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Tuesday, February 11, 2014

6 to 0 Birmingham City Commission votes to put Baldwin Library on the May Balllot

 Was it a surprise ?  

"A complete Surprise," one Library Board member said after witnessing the vote.

The Vote came  two months, two weeks, and two days after the City Commission's last library vote on November 25th 2013.  The out come last fall  was  was 6 to 1 in favor of placing  the bond issue on the May ballot. 

But the margin seemed closer than that.For the first time since it's introduction in December of 2011 the plan was criticized as being too expensive, not needed, requiring a lengthy analysis with the City's other needs, and even rushed.

There was talk of  derailing the 6 to 1  vote at the City's Future Planning Session on February 1st. Didn't happen.  At Mayor  Moore explained  that the Planning Session was intended hear plans for the future not resolve issues past or current issues.

That left the February 10th Commission meeting where ballot language of the Library millage would be determined, as the last opportunity to throw the switch and send the bond issue to Nowheresville.

The issue had also morphed in the 78 days between  the November vote and February 10th.  In November the sole dissenting vote came from a commissioner who believed the plan should be put on the shelf for future consideration. In February no one was against the Library Millage per se. It was just too soon and a November election might be better.

The Eccentric Newspaper  while remaining  editorially neutral, ran approximately an equal number of Opinion /Editorials (often called Op Eds) and Letters to the Editor with advocates advocating both sides.

Downtown  Birmingham Bloomfield Magazine in January wrote, "Balance library against other needs." 
In February that became  a shrill "Keep Library off May ballot."

Library Director  Doug Koschik  wrote the City Commissioners  (in a letter published  here and  in the City's agenda package for Long Range Planning Session) as to what the costs would be if Library approval were pushed back to November. At the February 10th City Commission meeting a $500,000 penalty was consensus figure. 

In addition to countless E-mails, The Commissioners also received  a mutually signed letter from library board members and supporters which was published here and in the meeting  agenda package. The  letter concentrated on need and refuted contentions of a rush to judgement.

On  Monday February 10th, those who like to keep score, noticed that Commissioner Hoff was absent. That meant that a 4 to 3 vote either way impossible. Conventional wisdom might have then opted for a  Dilgard, Rinschler,and Moore, Yes vote. Sherman and McDaniels voting  No; Leaving  Nickita  the  deciding vote that would either deadlock or tip the scales. 

The mood of the meeting somewhat jovial among 
commissioners and even in the audience. Public Comment was partaken by a half dozen or so residents who were opposed to a May library vote. While the almost universal rules of Public Comment allow the residents to speak and be heard, they don't normally allow the public to debate with commission. Mayor Moore  however allowed the latitude, answering questions, and explaining the Joint Library Board's  thinking on the matter.  Sometimes he and speakers "had to agree to disagree."

The  vote was taken, left to right from the audience perspective which meant Nakita was first. He said the issue was one of a May or November vote and he saw no reason to wait. Sherman was next and expressed concern  that enough people would turn out to vote and vote for for the right reason.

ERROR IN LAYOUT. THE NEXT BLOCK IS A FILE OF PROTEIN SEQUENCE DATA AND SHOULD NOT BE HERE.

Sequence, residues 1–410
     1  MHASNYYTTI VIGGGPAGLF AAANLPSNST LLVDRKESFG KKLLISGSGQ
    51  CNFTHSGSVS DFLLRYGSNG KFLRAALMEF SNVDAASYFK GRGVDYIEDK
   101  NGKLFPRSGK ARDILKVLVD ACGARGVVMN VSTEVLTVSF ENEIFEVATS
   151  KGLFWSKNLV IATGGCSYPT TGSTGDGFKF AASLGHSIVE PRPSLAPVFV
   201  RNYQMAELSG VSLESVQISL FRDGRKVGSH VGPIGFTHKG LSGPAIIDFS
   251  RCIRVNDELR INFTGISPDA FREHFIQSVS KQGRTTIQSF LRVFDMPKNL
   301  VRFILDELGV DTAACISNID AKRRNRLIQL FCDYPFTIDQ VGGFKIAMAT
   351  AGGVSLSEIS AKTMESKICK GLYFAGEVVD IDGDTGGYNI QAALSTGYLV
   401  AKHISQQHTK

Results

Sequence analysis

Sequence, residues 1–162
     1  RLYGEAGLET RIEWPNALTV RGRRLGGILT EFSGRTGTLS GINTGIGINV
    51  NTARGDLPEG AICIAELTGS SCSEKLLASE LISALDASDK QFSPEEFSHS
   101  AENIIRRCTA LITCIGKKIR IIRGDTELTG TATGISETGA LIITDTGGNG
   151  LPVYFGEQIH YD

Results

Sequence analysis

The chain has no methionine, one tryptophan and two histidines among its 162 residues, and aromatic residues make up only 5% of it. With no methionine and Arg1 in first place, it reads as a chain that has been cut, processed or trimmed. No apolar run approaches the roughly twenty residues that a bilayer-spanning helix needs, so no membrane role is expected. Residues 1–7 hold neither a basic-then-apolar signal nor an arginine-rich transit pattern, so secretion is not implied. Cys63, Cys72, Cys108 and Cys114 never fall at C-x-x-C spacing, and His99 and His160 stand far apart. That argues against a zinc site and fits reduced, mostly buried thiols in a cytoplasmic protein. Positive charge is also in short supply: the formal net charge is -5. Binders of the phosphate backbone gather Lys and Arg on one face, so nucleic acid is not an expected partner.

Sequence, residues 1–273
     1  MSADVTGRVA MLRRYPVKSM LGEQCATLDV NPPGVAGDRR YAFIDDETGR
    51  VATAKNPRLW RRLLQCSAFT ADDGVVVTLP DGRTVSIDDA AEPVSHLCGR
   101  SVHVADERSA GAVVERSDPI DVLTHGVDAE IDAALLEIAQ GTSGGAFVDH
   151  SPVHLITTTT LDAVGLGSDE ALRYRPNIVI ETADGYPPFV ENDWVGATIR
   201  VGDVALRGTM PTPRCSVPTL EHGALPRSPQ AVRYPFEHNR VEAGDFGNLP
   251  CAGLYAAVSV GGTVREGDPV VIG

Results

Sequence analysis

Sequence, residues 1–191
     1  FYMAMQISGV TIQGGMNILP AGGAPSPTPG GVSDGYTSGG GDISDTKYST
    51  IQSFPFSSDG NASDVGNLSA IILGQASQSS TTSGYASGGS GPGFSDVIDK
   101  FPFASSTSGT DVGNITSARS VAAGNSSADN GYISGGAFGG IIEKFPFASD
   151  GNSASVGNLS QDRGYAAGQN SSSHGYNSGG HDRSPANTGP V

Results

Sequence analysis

Rinschler, perhaps the most astute politician of the group assured him the people would oblige. "Hey we are the talk of the town. Front Page above the fold " he said referring to Sunday's Eccentric article highlighting the Monday Commission meeting.  His point being that library millage issue has the people's attention and will hold it for the next 85 days until  the May 6th election. ""Whoever shows up to vote will be informed," Rinschler added.

Sherman voiced a few more concerns before casting the second affirmative vote. Dilgard, Moore, Rinschler, and true to his public pronouncement as quoted in the Sunday Eccentric  McDaniel voted  yes.  Six to Zero with one absence.

A newspaper reporter looking for a magic bullet to explain it all was  ut of luck.

Library Director Doug Koschik ventured, "plans for the project are ready to go. The Joint Committee had done it's homework. There is need to delay."

Not with an extra half million in cost savings. Other scenarios had been suggested at public comment. Like  what if the City loaned the Library a half million from the General fund and if the  millage issue got turned down in the November election the library could pay it back or something. All such suggested, were considered and eventually rejected.Some sooner. Some later. Tapping the general fund for a loan to the library went sooner.

The new and improved Baldwin Library  emerged  two years ago at the Long Range Planning Session chaired by then Mayor Nickita. It grew up and matured under Mayor Dilgard. It was put on the ballot by the commission of Mayor Moore. Moore and Rischler, and Former Mayor Hoff  served on the Joint Library Board. 

At every step of the way, February 2012 to 2014. the Birmingham City Commission  of which Commissioners Sherman and McDaniel were members has advanced the Baldwin Library's  makeover to the next level. 

The well vetted and documented accession upward is done. The Baldwin Library  must now be approved by the highest authority, the people. It will indeed be the talk of the town, between now and May 6th.

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